Debabrata Dash is at Banaras Hindu University since 1986. For last three decades, he has been engaged in the study of platelet signalling, thrombus biology and biomedical applications of nanomaterials, results of which have been published in ACS Nano, Biosensors Bioelectronics, Nanomedicine, JBC, FASEB Journal and Molecular Medicine. He is a recipient of the Sun Pharma Research Award, Prof. C N R Rao Award for Excellence in Scientific Research, ICMR-Basanti Devi Amir Chand Award, and many others. He is Fellow of IASc (2015), INSA and National Academy of Medical Sciences.
Session 1C: Inaugural Lectures by Fellows/Associates
Chairperson: Saumitra Das, Indian Institute of Science, Bengaluru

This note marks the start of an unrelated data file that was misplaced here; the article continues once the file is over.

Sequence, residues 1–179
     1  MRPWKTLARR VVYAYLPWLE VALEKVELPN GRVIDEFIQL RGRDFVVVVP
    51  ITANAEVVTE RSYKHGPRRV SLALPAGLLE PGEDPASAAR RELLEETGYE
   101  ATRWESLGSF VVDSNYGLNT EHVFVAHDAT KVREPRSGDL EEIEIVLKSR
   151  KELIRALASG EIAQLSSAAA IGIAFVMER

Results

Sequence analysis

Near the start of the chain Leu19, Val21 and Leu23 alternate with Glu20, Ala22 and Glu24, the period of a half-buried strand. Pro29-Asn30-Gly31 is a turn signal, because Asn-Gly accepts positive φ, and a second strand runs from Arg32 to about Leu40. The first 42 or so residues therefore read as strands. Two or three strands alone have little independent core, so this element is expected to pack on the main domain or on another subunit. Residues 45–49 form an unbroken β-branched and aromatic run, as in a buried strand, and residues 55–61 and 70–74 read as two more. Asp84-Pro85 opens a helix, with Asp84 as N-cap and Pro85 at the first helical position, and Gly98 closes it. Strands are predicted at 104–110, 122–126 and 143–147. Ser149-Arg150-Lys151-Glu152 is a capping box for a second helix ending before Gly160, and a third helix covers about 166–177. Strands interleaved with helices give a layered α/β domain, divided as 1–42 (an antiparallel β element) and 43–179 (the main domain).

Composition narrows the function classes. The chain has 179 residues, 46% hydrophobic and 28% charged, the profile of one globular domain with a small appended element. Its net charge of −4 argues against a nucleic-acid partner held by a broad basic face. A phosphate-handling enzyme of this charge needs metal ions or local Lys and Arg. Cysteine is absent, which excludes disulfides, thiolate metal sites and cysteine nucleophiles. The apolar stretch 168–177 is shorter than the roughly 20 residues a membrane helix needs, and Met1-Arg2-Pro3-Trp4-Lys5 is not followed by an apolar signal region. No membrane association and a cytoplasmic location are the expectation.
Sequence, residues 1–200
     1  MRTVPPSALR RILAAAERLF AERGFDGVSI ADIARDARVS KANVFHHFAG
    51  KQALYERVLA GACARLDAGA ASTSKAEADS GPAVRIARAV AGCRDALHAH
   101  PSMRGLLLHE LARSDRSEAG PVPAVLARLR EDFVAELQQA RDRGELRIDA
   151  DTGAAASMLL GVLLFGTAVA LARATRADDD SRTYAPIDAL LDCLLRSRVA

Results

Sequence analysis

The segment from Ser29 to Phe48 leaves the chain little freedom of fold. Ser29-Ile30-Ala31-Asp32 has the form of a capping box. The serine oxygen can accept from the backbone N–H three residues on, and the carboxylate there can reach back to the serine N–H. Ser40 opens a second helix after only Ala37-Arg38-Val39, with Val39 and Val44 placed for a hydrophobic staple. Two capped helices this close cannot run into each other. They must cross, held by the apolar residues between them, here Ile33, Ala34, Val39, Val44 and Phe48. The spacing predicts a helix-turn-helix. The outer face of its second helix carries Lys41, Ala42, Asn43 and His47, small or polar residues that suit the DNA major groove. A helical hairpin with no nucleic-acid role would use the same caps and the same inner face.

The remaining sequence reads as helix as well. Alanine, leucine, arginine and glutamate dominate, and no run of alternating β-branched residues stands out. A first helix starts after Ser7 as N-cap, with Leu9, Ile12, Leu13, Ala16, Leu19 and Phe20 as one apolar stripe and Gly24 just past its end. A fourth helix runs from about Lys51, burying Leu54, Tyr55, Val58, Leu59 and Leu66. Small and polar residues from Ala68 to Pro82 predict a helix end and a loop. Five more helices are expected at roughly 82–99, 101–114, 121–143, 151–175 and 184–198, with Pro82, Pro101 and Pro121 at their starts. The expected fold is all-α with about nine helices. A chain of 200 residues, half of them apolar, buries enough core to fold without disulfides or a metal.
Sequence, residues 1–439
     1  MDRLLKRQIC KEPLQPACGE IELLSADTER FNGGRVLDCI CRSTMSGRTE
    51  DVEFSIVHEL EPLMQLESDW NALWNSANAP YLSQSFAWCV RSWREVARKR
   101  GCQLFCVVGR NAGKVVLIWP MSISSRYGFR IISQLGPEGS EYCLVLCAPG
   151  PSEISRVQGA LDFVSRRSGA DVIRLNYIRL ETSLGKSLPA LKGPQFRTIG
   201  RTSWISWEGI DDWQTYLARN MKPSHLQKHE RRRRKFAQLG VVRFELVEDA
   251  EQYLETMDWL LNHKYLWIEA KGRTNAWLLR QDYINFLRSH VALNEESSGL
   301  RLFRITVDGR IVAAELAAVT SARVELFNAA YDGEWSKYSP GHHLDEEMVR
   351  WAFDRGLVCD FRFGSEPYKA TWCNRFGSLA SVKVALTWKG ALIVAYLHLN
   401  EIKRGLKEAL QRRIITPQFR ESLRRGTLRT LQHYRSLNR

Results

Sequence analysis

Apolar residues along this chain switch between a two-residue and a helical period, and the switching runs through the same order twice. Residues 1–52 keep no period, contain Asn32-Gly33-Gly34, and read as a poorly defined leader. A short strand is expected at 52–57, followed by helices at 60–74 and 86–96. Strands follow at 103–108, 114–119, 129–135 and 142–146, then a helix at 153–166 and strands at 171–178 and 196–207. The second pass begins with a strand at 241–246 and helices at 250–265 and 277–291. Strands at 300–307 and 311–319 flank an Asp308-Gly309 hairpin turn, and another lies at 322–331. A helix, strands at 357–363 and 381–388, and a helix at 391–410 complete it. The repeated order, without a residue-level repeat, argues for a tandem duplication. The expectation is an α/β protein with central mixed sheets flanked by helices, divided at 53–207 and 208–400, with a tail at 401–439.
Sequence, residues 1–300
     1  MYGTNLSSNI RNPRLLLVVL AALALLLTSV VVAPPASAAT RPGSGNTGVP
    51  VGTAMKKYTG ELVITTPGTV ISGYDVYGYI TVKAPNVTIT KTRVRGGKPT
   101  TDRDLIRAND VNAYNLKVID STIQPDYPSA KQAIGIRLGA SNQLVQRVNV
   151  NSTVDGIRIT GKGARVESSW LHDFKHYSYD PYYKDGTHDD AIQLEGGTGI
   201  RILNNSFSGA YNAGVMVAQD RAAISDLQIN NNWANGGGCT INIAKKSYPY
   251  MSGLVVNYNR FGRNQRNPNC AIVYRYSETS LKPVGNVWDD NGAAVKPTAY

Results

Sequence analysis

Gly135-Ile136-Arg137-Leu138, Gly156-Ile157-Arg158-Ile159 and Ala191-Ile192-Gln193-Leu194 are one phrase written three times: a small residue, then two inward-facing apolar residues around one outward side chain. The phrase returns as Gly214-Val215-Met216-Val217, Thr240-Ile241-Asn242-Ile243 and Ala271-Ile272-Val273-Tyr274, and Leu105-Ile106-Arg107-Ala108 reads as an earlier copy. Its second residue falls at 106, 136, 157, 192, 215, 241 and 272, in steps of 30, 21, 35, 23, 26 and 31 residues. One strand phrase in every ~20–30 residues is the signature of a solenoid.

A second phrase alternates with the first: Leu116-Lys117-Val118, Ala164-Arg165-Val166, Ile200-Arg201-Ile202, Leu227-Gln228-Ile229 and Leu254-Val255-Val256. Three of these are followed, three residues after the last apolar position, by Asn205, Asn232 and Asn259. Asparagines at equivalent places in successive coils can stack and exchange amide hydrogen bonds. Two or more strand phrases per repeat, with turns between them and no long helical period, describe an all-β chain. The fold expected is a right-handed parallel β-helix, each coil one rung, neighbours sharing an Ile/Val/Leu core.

Fibrinolytic therapy for arterial or venous thrombotic disorders warrants systemic administration of thrombolytics like streptokinase, which is associated with serious bleeding complications. In their study, the speaker’s group provided proof-of-concept of photothermal ablation of thrombus. Thrombi were generated in vitro from purified fibrinogen, or in vivo in murine blood vessels. Gold nanorods were added on fibrin-rich clots in vitro, followed by irradiation with a 808 nm near-infrared laser source at power density 1.05W/cm2. Local rise in temperature (up to 55–65oC) was monitored with an infrared thermal camera that led to nearly 30% lysis of clot. The extent of lysis under arterial shear was higher than that at venous shear. Superficial femoral veins were exposed in mice and thrombus formation was induced by topical application of FeCl3. Anti-fibrin antibody-conjugated gold nanorods, which target fibrin-rich thrombi, were injected in mice. NIR-laser irradiation of exposed femoral veins containing thrombi led to clot degradation and the re-establishment of vascular patency, which was demonstrated by the restored blood flow recorded in Doppler spectral scans, as well as histopathological investigations. This is the first report on application of photothermal therapy as an anti-thrombotic measure. Remarkably, addition of streptokinase has a multimodal additive effect in accelerating the photothermal lysis of thrombi (up to 40%) even at a dose significantly lower (by 30 to 50 times) than therapeutic concentration, thus minimizing life-threatening side effects and adverse complications. This combinatorial approach has great potential in bringing about lysis of pathological clots that can effectively overcome the drawbacks of existing therapies.